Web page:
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Abstract

Dijkstra’s programming language is extended by specification statements, which specify parts of a program “yet, to be developed.” A weakest precondition semantics is given for these statements, so that the extended language has a meaning as precise as the original.

The goal is to improve the development of programs, making it more as it should be: manipulations within a single calculus. The extension does this by providing one semantic framework for specifications and programs alike — developments begin with a program (a single specification statement), and end with a program (in the executable language). And the notion of refinement or satisfaction, which normally relates a specification to its possible implementations, is automatically generalised to act between specifications and between programs as well.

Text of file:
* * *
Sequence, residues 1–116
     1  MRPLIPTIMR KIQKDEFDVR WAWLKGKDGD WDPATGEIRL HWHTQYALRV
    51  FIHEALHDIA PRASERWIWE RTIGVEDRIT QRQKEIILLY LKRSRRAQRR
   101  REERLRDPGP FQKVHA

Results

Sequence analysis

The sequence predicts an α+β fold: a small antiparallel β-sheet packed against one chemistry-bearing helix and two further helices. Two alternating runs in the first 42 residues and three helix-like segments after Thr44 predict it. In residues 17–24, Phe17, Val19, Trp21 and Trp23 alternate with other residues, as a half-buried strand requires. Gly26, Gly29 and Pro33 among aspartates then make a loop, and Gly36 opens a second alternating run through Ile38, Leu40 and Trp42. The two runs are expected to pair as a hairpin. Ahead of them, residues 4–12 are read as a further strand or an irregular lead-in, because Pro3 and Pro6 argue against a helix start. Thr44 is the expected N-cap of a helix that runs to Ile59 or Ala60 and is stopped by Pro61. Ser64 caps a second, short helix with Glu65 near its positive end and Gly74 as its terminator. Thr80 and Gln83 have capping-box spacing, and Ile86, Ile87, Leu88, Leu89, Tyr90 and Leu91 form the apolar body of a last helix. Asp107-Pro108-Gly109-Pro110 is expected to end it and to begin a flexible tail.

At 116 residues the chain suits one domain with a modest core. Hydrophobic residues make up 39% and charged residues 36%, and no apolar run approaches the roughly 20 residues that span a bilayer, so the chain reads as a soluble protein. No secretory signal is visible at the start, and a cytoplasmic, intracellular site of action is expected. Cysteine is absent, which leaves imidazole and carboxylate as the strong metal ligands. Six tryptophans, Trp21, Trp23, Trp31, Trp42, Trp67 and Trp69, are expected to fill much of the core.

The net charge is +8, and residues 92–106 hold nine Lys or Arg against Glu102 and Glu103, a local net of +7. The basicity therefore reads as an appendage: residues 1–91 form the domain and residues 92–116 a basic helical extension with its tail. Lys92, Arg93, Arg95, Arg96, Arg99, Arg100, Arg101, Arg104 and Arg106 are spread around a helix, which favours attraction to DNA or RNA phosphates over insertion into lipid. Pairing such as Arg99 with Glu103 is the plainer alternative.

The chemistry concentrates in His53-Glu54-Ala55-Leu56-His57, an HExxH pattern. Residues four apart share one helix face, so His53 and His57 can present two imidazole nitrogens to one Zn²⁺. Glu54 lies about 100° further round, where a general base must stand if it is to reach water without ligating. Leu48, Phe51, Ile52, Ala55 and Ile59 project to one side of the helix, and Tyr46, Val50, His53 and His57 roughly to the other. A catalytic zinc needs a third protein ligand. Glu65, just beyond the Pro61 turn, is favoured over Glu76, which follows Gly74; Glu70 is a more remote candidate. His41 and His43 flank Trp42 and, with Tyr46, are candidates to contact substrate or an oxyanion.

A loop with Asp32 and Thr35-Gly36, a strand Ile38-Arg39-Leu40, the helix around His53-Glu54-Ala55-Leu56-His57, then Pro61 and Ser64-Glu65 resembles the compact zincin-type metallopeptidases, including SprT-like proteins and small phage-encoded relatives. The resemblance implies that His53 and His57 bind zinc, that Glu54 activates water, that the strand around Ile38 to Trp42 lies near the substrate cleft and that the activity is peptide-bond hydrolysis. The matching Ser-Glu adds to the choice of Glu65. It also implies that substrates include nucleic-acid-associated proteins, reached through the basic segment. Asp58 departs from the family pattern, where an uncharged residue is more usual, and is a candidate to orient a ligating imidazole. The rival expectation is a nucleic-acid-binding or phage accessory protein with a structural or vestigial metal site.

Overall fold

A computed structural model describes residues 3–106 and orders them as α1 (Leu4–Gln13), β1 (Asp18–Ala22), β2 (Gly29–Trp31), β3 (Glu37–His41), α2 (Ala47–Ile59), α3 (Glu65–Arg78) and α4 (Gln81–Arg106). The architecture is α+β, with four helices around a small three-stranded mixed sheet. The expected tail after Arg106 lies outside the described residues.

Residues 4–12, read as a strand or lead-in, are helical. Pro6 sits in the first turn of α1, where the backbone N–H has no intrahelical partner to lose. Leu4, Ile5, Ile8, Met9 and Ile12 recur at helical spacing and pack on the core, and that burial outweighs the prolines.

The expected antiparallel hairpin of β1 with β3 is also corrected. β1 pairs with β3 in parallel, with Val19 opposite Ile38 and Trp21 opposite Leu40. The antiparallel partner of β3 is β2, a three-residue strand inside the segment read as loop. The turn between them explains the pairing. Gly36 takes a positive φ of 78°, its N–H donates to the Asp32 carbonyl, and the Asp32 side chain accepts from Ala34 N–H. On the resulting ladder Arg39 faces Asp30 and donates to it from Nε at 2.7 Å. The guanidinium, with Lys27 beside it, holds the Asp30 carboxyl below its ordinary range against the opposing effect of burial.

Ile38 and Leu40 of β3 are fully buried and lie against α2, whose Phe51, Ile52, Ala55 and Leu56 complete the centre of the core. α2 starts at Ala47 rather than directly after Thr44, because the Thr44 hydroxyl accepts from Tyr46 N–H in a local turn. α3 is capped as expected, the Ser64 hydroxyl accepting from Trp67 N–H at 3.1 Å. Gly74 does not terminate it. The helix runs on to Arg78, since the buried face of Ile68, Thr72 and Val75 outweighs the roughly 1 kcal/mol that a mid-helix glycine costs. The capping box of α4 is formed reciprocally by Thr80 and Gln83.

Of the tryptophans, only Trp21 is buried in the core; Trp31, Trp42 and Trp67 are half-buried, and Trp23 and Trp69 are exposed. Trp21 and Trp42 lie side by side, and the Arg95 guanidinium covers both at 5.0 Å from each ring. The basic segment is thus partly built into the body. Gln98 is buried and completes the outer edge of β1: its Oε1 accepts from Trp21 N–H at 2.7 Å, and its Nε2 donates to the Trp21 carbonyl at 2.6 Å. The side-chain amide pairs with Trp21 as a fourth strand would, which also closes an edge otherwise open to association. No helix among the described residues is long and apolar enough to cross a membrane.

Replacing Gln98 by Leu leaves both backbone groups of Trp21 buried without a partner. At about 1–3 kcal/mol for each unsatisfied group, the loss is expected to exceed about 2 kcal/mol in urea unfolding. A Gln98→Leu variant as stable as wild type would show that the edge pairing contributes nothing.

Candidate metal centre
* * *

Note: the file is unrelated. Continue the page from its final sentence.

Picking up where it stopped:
A surprising consequence of the extension is the appearance of miracles: program fragments that do not satisfy Dijkstra’s Law of the Excluded Miracle. Uses for them are suggested.

Keywords

Natural Deduction Semantic Framework Program Fragment Weak Precondition Abstract Program 
These keywords were added by machine and not by the authors. This process is experimental and the keywords may be updated as the learning algorithm improves.

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Copyright information

© Association for Computing Machinery 1988

Authors and Affiliations

  • Carroll Morgan

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